• The number of source code downloads through package managers like npm, PyPi, and Maven

Download metrics for source code are an even less reliable measure than binary downloads (although there is no research to demonstrate this). Just imagine that a developer wants to use the most recent version of your source code and has configured their build pipeline to always clone your repository for every build. Now imagine that an automated build process was failing and retrying to build, constantly cloning your repository. You can also imagine a scenario where the metric is lower than expected—say the repository is cached somewhere, and downloads are served by the cache.

[ Related read 5 metrics to track in your open source community ]

In conclusion, download metrics are good proxies for detecting trends and providing context around current usage. We cannot define specifically how a download translates to usage. But we can say that an increase in downloads is an indicator of more potential users. For example, if you advertise your software and see that download numbers are higher during the campaign, it would be fair to assume that the advertisement prompted more people to download the software. The source and metadata of the download can also provide additional context for usage patterns. What versions of your software are still in use? What operating system or language-specific versions are more popular? This helps the community prioritize which platforms to support and test.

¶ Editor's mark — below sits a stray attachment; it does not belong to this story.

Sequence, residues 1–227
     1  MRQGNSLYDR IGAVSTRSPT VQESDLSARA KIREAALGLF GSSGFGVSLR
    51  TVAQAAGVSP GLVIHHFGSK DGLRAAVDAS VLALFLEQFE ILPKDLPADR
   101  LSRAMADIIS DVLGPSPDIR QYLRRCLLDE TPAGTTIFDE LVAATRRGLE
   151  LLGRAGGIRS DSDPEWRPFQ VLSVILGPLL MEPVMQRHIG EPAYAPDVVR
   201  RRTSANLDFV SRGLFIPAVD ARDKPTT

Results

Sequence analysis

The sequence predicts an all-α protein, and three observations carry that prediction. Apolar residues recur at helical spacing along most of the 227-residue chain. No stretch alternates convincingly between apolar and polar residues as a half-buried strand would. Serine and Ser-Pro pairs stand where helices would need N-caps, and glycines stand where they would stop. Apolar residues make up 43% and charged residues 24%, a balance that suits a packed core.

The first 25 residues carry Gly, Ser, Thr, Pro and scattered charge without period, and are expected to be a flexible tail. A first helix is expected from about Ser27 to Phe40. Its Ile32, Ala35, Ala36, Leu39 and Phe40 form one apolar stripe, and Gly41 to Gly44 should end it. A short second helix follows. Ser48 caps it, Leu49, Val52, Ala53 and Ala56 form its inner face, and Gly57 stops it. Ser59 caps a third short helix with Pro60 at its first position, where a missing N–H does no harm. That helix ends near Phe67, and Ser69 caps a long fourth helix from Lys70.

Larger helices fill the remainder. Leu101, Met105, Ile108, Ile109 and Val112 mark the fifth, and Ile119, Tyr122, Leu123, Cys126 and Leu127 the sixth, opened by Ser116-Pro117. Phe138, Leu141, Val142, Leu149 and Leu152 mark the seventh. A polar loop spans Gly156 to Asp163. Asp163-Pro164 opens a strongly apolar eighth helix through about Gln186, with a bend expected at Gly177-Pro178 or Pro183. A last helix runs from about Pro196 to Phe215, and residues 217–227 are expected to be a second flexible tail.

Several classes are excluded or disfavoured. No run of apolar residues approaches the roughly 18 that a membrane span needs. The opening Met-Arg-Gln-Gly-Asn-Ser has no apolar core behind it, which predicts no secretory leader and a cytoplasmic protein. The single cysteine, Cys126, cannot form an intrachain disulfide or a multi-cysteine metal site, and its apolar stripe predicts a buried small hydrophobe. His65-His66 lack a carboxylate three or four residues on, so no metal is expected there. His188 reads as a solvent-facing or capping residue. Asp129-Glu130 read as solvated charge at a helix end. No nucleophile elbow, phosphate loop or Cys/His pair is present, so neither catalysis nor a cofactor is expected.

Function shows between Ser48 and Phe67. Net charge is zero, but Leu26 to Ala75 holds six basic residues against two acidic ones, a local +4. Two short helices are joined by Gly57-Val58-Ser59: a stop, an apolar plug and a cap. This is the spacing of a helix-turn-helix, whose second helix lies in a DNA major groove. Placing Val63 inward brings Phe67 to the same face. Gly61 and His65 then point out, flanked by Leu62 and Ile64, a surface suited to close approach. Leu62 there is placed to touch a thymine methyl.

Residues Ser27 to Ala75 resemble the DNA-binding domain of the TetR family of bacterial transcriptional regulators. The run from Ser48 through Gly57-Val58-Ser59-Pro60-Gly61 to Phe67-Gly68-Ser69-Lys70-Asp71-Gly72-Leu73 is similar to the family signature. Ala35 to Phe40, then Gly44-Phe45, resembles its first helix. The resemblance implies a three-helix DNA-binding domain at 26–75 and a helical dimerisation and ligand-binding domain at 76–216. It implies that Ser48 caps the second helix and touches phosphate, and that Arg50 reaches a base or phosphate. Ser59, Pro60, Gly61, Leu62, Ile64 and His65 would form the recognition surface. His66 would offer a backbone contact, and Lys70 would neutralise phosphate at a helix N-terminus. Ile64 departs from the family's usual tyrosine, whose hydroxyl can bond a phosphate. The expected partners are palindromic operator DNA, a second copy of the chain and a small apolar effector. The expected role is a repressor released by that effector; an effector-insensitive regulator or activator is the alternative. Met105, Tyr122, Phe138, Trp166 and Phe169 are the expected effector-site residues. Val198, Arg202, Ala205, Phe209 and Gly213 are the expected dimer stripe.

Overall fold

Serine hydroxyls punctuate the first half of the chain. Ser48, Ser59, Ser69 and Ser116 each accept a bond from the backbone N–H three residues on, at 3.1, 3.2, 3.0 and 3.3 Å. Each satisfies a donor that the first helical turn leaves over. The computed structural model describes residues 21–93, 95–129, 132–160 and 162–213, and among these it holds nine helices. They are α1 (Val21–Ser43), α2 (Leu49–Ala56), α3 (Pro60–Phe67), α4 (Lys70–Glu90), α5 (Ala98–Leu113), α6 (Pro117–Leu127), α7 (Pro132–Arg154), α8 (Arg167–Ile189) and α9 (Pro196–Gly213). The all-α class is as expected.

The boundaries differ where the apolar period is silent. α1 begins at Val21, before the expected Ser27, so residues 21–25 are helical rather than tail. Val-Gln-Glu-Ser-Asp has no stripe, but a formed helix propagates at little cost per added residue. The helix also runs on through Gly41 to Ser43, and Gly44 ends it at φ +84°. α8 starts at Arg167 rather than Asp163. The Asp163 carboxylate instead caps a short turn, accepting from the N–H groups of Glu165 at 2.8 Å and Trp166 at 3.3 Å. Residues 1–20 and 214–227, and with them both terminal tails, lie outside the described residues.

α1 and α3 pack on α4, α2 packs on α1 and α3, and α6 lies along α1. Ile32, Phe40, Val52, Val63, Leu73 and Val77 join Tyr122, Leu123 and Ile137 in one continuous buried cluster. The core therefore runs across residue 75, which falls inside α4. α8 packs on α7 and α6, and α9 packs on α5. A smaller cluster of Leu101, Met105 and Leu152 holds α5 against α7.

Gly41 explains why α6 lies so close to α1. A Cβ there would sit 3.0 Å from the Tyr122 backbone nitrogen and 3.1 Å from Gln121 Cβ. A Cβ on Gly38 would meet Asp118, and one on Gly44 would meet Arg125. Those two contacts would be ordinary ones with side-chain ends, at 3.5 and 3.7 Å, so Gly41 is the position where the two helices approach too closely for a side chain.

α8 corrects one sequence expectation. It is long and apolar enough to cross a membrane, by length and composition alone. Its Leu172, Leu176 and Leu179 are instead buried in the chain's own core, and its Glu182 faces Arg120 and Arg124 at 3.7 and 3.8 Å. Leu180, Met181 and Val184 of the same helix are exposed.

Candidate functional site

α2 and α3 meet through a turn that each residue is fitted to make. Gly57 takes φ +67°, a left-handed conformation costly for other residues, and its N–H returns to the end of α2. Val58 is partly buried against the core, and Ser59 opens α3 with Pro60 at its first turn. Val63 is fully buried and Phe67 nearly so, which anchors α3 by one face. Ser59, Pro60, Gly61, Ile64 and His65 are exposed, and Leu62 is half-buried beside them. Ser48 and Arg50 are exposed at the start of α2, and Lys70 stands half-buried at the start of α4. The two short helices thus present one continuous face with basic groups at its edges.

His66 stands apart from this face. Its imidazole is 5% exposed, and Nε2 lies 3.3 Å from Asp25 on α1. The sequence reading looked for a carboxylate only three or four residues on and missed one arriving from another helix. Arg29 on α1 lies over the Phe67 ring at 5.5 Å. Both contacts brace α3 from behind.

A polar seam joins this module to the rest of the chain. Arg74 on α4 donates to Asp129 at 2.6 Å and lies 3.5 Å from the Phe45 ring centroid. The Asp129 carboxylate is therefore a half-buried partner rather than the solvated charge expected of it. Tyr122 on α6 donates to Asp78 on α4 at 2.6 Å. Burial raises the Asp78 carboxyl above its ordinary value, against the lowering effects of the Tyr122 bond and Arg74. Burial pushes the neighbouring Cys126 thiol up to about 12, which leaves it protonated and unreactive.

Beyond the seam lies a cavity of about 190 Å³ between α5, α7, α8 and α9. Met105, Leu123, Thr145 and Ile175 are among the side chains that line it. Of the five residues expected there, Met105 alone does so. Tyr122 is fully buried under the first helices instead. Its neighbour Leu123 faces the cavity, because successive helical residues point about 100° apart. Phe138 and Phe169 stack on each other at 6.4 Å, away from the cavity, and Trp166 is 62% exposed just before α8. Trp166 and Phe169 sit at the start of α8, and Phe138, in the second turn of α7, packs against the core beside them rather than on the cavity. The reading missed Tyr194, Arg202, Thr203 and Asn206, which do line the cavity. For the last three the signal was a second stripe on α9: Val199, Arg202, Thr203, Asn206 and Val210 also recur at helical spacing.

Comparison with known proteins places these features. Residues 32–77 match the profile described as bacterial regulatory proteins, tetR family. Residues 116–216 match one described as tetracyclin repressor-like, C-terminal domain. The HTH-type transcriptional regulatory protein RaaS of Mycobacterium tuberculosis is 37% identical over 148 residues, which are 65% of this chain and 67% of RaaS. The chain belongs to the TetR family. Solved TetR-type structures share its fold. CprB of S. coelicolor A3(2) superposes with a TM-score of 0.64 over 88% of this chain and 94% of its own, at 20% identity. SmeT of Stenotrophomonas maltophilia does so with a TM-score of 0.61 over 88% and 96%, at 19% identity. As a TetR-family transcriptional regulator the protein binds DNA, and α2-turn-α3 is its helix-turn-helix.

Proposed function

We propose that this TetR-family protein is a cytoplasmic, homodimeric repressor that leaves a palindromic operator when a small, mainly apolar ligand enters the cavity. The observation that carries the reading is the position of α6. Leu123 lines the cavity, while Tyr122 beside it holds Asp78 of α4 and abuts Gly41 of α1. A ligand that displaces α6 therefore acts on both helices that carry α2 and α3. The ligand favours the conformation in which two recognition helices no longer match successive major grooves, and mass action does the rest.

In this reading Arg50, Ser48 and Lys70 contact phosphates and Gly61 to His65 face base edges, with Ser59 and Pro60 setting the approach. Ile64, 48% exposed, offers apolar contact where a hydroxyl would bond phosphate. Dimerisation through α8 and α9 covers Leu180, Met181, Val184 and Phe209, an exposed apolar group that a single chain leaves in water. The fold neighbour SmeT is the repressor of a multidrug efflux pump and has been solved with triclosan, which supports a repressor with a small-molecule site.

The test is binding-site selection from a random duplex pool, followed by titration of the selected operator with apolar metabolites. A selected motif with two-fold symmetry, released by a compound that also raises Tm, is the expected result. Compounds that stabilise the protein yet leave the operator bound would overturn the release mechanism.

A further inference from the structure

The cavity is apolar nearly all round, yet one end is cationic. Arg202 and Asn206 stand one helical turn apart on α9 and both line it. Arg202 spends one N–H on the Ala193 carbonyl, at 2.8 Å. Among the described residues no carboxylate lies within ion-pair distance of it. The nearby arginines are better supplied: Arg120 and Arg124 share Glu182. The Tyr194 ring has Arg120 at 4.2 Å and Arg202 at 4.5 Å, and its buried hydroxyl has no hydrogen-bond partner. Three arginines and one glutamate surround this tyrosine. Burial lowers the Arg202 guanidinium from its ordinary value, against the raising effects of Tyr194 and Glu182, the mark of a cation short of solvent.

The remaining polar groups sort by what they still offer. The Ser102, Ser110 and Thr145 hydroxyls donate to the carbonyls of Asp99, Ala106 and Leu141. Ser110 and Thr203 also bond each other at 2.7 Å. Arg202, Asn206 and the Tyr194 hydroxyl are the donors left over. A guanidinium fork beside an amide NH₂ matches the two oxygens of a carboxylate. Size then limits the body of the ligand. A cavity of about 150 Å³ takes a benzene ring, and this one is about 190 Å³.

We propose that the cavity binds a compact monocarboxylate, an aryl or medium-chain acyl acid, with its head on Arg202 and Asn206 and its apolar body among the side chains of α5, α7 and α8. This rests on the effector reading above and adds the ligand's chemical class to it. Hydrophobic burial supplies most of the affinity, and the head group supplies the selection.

As an open source project, you probably have an issue tracker. When someone opens an issue, two common goals are to report a bug or request a feature. The issue author has likely used your software. As a user, they would have found a bug or identified the need for a new feature.

Obviously, most users don't take the extra step to file an issue. Issue authors are dedicated users and we are thankful for them. Also, by opening an issue, they have become a non-code contributor. They may become a code contributor. A rule of thumb is that for every 10,000 users, you may get 100 who open an issue and one who contributes code. Depending on the type of user, these ratios may differ.

With regard to metrics, you can count the number of issue authors as a lower-bound estimation for usage. Related metrics can include:

  • The number of issue authors
  • The number of active issue authors (opened an issue in the last 6 months)
  • The number of issue authors who also contribute code
  • The number of issues opened
  • The number of issue comments written

User mailing lists, forums, and Q&A sites

Many open source projects have mailing lists for users, a forum, and presence on a Q&A site, such as Stack Overflow. Similar to issue authors, people who post there can be considered the tip of the iceberg of users. Metrics around how active a community is in these mailing lists, forums, and Q&A sites can also be used as a proxy for increasing or decreasing the user base. Related metrics can focus on the activity in these places, including: